Danish Time Geek’s Open Letter to D-Link

Poul-Henning Kamp, a Danish citizen, has a good heart and an obsession with time but his time is running out, thanks to inconsiderate manufacturing by the D-Link corporation.

Mr. Kamp, pro bono publicus, operates a server that helps many of the computers and networks in Denmark keep the correct hour. Without asking for permission, D-Link, maker of servers and routers has hard-encoded in many of its products several protocols which send their time checking packets through his server. Poul says 75-90% of the packets arriving at his server come via these D-link mechanisms.

Normally, he gets to operate his server space for free, as he’s performing a public service, provided usage is below a certain threshold. The D-Link products amp up the usage considerably, over his allowable amount. Since contacting them in November, spending 120 non-billable hours, wrangling with a D-Link lawyer, D-Link has not taken steps to fix the problem, and only offered a pittance of ‘hush money.’

The rest of the story, in full, gory, technical detail, he’s posted here as an open letter.

Shame and ignominy upon thee, D-Link. Shame! (Thanks to Matt!)

: As is to be expected, there’s a pretty heated discussion about this at Digg. From them, we glean that if you’d like to express your opinion you can send an emails to D-Link CEO at sjoe@dlink.com or joe@dlink.com, or the vp of marketing at bmorse@dlink.com or call 1-800-326-1688.


Edit Your Comment

  1. AppTechie says:

    What outrageous ego D-Link has. We need to have someone light a fire under their butts and make them realize that what they are doing is actually illegal by California law as well(at least is a roundabout way). They are directly affecting this poor guy’s bottom line for a service which is free to the Danish public. If nothing else, he should get the Danish government involved and have them throw down the guantlet!

  2. Nick says:

    Since he’s getting no useful response from d-link, why not drop all packets from their devices? I’m sure it’s possible to fingerprint them somehow – he knows what percentage of his total usage is from them, after all.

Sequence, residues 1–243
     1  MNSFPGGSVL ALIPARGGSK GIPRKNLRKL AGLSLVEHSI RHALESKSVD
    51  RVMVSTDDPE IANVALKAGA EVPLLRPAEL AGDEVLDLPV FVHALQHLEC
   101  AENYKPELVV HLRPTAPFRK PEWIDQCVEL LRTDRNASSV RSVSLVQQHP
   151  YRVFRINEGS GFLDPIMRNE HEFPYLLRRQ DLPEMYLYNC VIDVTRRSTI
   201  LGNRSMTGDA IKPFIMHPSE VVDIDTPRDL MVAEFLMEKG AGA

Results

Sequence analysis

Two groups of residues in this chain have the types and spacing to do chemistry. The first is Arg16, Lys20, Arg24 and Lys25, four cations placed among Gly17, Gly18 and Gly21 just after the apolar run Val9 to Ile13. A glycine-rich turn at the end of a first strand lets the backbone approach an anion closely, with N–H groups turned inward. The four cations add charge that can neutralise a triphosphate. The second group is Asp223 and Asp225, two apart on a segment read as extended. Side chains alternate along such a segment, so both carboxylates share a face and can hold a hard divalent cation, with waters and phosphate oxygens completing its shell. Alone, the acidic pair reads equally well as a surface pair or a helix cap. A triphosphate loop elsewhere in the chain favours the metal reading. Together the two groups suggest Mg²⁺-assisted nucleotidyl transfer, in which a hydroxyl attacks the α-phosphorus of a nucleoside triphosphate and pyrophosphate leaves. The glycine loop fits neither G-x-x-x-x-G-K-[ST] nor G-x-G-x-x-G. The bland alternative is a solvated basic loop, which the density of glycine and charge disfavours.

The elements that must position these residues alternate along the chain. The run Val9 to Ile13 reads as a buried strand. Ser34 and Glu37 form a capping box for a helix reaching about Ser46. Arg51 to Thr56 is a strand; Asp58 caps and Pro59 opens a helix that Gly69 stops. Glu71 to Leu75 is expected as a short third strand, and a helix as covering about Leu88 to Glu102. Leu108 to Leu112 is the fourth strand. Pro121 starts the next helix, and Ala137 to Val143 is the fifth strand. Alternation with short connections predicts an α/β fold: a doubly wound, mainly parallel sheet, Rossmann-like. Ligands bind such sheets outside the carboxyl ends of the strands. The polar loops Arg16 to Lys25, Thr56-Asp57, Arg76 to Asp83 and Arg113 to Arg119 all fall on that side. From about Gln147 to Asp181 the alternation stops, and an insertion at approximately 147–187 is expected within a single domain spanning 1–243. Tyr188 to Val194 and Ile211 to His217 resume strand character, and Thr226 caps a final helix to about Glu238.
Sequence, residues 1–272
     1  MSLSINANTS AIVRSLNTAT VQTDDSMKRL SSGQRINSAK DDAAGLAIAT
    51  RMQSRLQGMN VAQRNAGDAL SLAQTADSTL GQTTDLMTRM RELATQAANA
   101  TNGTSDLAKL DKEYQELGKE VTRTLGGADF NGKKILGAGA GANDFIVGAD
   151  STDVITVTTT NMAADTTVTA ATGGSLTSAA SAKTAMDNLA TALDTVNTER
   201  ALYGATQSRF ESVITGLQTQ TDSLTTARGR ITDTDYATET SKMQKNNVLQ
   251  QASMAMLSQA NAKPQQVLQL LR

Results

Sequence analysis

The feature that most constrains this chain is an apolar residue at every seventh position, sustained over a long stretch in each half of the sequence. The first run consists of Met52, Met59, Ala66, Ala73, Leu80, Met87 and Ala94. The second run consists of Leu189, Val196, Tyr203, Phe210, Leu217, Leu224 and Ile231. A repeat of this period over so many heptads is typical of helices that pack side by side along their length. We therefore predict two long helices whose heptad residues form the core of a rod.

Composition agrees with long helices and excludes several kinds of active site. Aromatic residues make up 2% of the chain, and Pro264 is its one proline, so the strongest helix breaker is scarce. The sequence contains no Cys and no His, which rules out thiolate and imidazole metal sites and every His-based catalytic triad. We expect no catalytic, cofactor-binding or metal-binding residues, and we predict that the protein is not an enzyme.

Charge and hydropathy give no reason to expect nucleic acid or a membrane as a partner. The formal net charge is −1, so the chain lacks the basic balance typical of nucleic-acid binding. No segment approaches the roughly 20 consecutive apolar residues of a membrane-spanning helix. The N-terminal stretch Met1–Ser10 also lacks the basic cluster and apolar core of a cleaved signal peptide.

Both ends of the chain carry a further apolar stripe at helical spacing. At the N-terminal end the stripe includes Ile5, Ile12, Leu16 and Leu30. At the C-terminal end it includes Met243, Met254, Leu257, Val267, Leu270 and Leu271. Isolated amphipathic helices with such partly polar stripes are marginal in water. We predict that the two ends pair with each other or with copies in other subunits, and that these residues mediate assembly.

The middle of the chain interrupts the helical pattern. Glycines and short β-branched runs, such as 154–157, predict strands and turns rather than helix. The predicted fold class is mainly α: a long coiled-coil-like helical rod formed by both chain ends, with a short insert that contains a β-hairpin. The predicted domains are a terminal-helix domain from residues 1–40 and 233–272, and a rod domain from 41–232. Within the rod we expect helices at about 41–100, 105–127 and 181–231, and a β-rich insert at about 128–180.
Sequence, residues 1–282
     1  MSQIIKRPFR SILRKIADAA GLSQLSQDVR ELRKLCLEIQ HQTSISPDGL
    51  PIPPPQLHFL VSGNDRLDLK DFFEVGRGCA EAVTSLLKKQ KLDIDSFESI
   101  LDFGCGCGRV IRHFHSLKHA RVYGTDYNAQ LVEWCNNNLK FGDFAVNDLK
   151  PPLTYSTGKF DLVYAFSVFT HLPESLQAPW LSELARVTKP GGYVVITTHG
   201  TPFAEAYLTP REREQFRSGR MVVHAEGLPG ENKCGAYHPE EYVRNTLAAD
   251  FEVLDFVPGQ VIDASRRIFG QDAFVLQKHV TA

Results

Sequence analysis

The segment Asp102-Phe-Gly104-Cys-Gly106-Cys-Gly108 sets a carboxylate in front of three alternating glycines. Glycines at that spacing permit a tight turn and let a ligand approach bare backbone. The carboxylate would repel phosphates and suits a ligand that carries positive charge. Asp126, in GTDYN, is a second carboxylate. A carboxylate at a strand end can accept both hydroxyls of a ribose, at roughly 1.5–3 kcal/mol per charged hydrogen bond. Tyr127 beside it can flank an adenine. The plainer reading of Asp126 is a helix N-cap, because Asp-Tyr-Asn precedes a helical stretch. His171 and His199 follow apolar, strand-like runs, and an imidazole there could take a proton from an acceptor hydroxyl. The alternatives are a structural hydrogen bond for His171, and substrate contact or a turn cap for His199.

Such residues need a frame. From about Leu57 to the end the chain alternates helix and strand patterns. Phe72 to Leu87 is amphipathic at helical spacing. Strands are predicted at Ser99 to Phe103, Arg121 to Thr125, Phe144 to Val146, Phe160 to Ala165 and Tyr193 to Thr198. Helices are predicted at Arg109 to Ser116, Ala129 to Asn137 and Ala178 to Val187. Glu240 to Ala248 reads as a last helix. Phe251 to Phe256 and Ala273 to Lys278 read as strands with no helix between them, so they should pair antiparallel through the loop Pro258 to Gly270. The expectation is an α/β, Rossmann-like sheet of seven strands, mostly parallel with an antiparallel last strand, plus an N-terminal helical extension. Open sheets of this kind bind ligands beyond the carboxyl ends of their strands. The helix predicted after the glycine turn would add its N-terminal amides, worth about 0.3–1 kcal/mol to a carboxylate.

Or, he could change his server’s DNS name. Either way, it’d be amusing to see the resultant huge number of d-link devices that suddenly lose a feature…

  3. AcidReign says:

    …..I’ve got a D-link ethernet card on one of my older computers. I won’t be buying anything from them again! It came with a setup program that refused to run. It took manual intallation from Device Manager to get the card working. Pity the poor buyer who didn’t know what an .inf file was, and how to find it on the installation floppy! XP thinks it’s a Realtek card, and automatically installs a working driver…

    …..The card worked fine, though, and still does, after I figured out myself how to install it. My complaint is that they used the softest metal they could find to make the frame on the back of the card! It only took one instance of one of my kids pulling the computer away from the wall (to plug in some USB gaming widget) to yank the ethernet cord out of the card and bend the hell out of it. Now, one must be really, really careful messing around behind the computer, or the cord will fall out.

    …..And of course, being a Consumerist, I’m too cheap to go and purchase another network card for 10-15 bucks! I just trained everyone in the house what to do when that little “a network cable is unplugged” icon shows up in the system tray!